In the Vision of Piers Plowman is,
“Judas, he japed With jewen silver,And sithen on an eller Hanged hymselve.”
|John Gerard - Herball - 1597|
The ‘eller’ here is the elder tree, which is the usual tree mentioned in legend, although John Gerard, in his Herball (1597), says of Cercis siliquastrum
“…it may be called in English, Iudas tree, for that it is thought to be that whereon Iudas hanged himfelfe, and not upon the elder tree, as it is vulgarly faid.”
|Gerard - Herball - Judas Tree - 1597|
Well, considering the flapdoodle concerning William Shakespeare I’ve been writing about last month and this, can we consider him to be vulgar too? Because in Love’s Labour’s Lost, Bidon says the line,
“Judas was hanged on an elder. [Act V, Sc.ii]”
Mandeville claims to have seen the very tree in a valley between Jerusalem and Jehosaphat,
“And faste by is zit, the tree of Elder that Judas henge himself upon, for despeyr that he hadde when he solde and betrayed oure Lord.”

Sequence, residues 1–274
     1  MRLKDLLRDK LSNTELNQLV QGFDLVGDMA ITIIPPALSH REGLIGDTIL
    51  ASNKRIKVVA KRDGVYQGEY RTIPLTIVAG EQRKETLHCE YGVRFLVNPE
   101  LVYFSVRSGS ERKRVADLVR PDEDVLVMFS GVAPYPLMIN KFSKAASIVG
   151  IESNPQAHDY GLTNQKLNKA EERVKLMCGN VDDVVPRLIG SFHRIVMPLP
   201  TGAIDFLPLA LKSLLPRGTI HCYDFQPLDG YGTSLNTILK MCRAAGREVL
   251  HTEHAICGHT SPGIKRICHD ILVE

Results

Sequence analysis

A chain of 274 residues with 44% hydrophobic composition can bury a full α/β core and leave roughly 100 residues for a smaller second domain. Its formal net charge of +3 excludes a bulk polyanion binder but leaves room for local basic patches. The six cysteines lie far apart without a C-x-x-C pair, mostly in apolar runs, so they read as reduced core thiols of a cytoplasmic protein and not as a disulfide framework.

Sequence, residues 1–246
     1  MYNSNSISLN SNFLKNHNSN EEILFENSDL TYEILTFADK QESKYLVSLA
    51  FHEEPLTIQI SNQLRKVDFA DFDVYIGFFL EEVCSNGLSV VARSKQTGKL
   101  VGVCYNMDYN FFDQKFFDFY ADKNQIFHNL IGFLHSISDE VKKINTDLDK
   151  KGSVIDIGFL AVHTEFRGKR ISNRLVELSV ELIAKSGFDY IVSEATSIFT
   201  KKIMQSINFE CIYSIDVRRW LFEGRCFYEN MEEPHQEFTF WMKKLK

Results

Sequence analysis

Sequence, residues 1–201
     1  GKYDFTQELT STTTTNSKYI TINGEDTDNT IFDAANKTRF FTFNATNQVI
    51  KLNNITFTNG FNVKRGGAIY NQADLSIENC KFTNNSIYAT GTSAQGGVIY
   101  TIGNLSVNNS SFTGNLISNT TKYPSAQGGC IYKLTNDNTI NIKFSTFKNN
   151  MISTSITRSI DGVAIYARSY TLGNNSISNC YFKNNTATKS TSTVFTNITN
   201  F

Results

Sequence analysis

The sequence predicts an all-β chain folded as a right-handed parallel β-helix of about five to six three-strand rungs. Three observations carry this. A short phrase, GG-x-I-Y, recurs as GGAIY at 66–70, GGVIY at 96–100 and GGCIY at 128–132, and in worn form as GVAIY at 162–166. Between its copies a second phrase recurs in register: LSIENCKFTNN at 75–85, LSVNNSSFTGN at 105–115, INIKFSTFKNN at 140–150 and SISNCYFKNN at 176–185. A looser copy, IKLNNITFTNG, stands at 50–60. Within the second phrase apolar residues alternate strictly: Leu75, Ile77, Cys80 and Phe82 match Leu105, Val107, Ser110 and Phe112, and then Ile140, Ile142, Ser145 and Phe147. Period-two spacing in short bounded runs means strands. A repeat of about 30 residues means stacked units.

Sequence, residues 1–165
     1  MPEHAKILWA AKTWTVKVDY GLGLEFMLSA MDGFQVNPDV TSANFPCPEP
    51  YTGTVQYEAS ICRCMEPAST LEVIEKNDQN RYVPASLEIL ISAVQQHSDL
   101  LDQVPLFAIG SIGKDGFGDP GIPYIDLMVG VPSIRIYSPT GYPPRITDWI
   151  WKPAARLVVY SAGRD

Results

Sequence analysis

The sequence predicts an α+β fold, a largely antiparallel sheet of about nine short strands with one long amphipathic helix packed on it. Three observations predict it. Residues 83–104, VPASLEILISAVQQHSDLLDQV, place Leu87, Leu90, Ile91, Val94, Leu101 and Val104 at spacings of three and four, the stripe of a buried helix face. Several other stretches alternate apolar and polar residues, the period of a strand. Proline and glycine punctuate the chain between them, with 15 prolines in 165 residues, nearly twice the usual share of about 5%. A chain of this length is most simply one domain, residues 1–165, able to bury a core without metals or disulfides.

Other trees that have been put forward as the possible sort employed by Judas include the willow, the carob, the aspen and the fig (indeed, some say the very same fig tree cursed by Jesus, somewhat petulantly, for not bearing fruit out of season. Messiah maybe, but a pretty poor botanist [see Mark Ch.11]).
|Rembrandt - Judas returns the silver|
Of the other myths, legends and traditions surrounding Judas is that he was born either on the last Monday of the year (we don’t what year that was, however) or on December 31st. Robert Southey, one-time poet laureate, records in his Omniana (1812 Vol 2) that the descendants of Judas still lived on the island of Corfu, although the islanders themselves have disputed this. He was also reckoned to have had red hair, which explains why some people aren’t fond of red-heads (this does not include me).
Back to Shakespeare, As You Like It on this occasion, where we find the following exchange,
Rosalind. His very hair is of the dissembling colour.Celia. Something browner than Judas's.